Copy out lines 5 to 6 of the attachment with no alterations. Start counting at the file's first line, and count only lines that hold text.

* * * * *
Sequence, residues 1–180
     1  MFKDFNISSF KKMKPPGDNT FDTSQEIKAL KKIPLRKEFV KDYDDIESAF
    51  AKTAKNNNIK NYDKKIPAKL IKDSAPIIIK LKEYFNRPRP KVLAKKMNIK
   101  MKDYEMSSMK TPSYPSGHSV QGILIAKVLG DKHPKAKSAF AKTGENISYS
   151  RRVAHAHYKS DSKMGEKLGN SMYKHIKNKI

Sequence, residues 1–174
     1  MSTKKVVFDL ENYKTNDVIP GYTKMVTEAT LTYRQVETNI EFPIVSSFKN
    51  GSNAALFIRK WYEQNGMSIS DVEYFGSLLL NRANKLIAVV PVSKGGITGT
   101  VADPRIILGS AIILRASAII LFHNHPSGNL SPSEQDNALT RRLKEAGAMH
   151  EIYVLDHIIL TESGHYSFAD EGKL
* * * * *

   151  RRVAHAHYKS DSKMGEKLGN SMYKHIKNKI

Sequence, residues 1–174